Sacred Boundaries: Faith, Ecology, and the Politics of the Himalayas
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Level: Undergraduate
Division: University-wide Programs
Department: Global Studies
Course Number: UGLB 3330
Course Format: Workshop
Location: NYC campus
Permission Required: No
  • Global Studies
  • Ecology
  • Environmental Studies
This course will explore sacred sites that cross international boundaries. It looks specifically at the Kailash Sacred Landscape (KSL) that spans the borders of China, India and Nepal, and how it becomes a unique global space in which ecology, economy, and politics converge in unexpected ways. KSL covers an area of 31,000 sq. km including parts of the Tibet Autonomous Region of China, Uttarakhand State in northern India, and Far-western Nepal. Mount Kailash is considered the holiest of mountains by Hindus and Buddhists. For thousands of pilgrims who make the arduous journey to this mountain every year, it is the closest place on Earth to heaven, where ordinary humans are spiritually transformed. This course examines the following questions: How have 20th century national borders forced indigenous groups to reorient and reconfigure their centuries-old trans-Himalayan traditions, livelihood patterns and identity? How is globalization in the form tourists and modern transportation changing the economic basis of life, and with it notions of the sacred? As the source of four major rivers that sustain billions of people, how is climate change affecting this sacred space and with what implications for sustainable stewardship of this most vital resource? The class will draw from field notes, policy briefs, institutional reports, academic papers, audio-visual materials and online sources. This course is a unique opportunity for students to learn about most recent developments in the Himalayan region through the India China Institute’s Sacred Himalaya Initiative.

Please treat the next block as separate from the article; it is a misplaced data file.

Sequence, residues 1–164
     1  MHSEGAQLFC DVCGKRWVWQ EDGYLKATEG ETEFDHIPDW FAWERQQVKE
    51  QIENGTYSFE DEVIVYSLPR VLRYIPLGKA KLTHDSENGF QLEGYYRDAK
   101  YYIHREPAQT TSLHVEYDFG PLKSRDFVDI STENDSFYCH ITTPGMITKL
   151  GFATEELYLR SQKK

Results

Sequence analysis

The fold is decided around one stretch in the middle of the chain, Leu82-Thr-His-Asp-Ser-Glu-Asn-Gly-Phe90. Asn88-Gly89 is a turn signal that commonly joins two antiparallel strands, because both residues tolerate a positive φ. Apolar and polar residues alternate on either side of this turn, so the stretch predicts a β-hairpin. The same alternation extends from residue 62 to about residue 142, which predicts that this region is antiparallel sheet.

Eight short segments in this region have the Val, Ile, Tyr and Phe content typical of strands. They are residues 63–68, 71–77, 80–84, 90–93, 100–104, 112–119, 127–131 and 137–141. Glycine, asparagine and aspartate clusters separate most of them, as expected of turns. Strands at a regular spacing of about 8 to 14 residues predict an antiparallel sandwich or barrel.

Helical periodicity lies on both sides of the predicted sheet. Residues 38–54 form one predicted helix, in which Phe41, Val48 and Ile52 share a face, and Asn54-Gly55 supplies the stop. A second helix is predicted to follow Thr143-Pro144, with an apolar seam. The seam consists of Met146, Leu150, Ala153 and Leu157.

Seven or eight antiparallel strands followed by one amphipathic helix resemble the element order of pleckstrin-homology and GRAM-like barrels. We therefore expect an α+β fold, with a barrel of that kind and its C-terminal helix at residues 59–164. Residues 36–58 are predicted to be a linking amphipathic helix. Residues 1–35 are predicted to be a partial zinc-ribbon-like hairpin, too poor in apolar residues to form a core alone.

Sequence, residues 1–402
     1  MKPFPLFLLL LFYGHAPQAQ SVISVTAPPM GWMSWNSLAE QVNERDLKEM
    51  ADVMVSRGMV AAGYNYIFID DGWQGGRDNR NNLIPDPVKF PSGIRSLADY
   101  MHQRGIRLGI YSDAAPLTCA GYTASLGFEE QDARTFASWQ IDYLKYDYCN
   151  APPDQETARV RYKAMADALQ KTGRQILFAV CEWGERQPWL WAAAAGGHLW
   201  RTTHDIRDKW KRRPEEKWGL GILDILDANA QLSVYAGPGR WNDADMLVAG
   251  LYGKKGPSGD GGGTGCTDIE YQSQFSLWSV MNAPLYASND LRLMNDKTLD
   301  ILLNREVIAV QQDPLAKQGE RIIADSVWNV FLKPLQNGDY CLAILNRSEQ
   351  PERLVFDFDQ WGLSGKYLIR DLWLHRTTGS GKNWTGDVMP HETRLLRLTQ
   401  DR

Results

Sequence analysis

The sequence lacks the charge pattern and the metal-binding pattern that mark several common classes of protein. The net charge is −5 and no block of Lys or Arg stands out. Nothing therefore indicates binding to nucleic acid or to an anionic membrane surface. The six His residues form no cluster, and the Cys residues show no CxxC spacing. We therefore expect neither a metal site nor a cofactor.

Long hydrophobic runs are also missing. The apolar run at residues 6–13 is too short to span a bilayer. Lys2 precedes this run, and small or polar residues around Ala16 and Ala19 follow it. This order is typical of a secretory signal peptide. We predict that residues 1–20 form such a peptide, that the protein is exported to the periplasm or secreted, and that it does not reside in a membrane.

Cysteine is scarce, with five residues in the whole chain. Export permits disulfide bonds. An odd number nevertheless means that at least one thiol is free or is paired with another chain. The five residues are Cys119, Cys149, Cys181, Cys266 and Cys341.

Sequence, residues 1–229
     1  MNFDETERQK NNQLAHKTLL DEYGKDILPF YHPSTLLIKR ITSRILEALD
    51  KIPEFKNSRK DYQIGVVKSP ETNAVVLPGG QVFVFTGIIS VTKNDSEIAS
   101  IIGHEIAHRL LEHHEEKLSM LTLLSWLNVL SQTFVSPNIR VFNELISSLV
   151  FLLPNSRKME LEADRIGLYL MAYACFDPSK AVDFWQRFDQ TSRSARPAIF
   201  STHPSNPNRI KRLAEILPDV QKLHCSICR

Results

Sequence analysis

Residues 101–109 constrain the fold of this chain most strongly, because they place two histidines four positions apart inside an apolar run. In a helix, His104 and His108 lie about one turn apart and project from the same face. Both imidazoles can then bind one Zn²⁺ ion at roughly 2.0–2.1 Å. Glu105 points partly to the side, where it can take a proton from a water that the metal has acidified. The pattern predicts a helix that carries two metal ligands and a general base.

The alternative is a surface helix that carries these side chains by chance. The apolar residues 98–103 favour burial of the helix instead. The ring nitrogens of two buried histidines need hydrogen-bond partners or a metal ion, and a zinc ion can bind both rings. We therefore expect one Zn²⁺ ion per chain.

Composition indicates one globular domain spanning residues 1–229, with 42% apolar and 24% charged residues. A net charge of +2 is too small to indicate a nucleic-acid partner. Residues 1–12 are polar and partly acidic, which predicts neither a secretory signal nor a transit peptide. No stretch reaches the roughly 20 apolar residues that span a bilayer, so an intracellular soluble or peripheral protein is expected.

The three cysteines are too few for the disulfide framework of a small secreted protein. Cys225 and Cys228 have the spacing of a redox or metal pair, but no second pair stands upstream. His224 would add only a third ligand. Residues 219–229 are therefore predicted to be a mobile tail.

Course Open to: Degree Students


Open to Undergraduate students.